I just wanted to move on. I thought forgiving everyone would make it okay. Forgive my family for giving me away. Forgive the nuns for going all American Horror Story on me. Forgive the Catholic church for expecting me to make up something to say in confession every week. Forgive my parakeet for dying while I was gone.
The more I told myself to stop being angry, the angrier I got. The more I tried to let it go, the more it haunted me at every turn.
After six years, I should have been an expert at forgiveness. But in reality, I was as clueless as a homeless kid trapped in a grown-up twilight zone.
In the end, forgiveness actually became my ultimate game-changer. But only after I saw through the lies people led me to believe.
Can You Trust Everything You Believe About Forgiveness?
There’s a whole lot of noise out there about forgiveness. And you know what noise does? It chats up your Inner Victim and distracts you. The louder the noise gets, the quicker you need to call in your Inner Skeptic. Because some of the noise is nothing but big, fat lies.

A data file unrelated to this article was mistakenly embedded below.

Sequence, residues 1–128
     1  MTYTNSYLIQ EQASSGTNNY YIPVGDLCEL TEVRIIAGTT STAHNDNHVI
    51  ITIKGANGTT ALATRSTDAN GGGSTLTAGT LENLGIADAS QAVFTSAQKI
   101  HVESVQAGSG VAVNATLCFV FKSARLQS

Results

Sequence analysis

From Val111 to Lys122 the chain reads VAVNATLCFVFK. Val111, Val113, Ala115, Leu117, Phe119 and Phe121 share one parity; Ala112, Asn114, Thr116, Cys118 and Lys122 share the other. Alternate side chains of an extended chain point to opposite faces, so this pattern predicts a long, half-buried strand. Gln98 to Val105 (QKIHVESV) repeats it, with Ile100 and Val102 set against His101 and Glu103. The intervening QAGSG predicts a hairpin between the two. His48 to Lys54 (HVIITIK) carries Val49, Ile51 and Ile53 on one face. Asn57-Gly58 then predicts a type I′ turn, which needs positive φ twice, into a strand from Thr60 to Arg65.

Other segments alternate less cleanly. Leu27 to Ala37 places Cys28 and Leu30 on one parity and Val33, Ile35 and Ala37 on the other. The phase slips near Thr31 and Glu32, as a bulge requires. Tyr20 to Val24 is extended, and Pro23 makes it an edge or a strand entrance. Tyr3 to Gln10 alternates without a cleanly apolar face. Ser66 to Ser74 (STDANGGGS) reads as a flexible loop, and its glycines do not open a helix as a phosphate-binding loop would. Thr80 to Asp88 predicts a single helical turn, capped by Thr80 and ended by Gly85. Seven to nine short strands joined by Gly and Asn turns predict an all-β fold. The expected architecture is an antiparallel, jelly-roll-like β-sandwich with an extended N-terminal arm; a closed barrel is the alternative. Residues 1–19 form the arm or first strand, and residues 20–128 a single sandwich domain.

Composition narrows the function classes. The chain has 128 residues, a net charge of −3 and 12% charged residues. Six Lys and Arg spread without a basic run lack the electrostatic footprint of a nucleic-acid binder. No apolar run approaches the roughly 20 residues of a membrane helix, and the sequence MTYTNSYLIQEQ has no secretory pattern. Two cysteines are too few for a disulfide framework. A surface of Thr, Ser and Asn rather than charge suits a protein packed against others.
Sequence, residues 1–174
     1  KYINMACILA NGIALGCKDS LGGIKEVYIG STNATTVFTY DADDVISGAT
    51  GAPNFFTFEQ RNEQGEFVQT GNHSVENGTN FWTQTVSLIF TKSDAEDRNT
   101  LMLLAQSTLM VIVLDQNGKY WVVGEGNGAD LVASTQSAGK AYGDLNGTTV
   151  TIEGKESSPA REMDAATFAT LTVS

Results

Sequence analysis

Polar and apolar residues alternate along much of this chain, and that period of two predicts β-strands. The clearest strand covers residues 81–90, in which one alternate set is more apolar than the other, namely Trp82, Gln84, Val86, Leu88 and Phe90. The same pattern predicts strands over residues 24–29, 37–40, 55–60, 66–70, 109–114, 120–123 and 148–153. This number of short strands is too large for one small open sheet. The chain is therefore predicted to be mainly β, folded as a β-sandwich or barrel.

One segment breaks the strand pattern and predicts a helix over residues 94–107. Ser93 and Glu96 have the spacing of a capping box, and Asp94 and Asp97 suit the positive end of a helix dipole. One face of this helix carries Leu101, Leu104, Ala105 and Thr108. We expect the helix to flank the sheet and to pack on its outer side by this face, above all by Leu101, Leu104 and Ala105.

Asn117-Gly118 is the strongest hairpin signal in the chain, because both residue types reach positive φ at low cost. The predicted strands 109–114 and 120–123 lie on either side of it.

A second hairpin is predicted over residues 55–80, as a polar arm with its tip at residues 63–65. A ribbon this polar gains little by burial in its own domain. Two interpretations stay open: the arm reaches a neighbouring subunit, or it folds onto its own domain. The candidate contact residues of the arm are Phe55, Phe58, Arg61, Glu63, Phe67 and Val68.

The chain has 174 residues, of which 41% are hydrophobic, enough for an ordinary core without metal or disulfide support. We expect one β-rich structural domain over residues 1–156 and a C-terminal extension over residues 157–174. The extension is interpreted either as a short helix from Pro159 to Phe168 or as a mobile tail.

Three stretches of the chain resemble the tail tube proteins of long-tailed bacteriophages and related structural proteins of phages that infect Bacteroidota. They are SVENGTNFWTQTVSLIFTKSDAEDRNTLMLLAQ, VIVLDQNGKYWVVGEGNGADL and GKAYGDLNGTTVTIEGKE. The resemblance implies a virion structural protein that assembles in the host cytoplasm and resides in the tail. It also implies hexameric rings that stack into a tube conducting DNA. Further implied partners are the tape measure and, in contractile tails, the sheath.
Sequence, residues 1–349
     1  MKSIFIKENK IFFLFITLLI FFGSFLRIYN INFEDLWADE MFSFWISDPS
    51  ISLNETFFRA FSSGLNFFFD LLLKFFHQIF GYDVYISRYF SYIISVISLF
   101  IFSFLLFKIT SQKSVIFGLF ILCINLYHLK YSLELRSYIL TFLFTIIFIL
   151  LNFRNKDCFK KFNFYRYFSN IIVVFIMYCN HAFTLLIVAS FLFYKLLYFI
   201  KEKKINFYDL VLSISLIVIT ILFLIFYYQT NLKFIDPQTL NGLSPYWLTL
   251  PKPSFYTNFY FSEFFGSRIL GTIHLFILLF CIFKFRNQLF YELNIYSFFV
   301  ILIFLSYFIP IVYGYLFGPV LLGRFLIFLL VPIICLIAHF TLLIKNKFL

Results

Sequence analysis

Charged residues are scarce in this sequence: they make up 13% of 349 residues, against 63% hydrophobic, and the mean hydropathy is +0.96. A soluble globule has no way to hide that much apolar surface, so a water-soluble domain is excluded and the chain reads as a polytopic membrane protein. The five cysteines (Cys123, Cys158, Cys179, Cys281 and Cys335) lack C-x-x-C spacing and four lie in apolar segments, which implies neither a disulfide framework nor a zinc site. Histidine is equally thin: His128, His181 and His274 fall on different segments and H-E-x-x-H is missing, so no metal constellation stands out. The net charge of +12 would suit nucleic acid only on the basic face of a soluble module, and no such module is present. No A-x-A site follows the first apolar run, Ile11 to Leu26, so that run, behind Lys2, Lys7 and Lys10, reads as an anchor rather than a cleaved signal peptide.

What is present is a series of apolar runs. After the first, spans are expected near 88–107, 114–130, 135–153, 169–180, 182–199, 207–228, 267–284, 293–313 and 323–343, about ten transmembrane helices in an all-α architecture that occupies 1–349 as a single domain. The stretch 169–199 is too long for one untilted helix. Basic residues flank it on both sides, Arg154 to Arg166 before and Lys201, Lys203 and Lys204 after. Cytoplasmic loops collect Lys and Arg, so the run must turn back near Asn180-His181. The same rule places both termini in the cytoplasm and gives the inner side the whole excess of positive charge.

Lying to yourself while you forgive someone is worse than not forgiving them at all.
If you want to open your heart to freedom, you must open your eyes about forgiveness. Here are some crippling myths about forgiving that leave you victimized and the truths that will set you free.
Lie: When I forgive, I have to forget what happened and move on.
Truth: Remembering how you got hurt empowers you to forgive and create the life you deserve.
When I got home, I tried to forgive my mom for making me grow up isolated and alone. I thought I had to forget that I’d never been allowed to talk to a guy who wasn’t a relative.
The one awkward time I got asked to dance at a happy hour, I freaked out and started picking an imaginary bug out of my drink. Right then, I wanted nothing more than to crawl into that cup and float around with the ice cubes.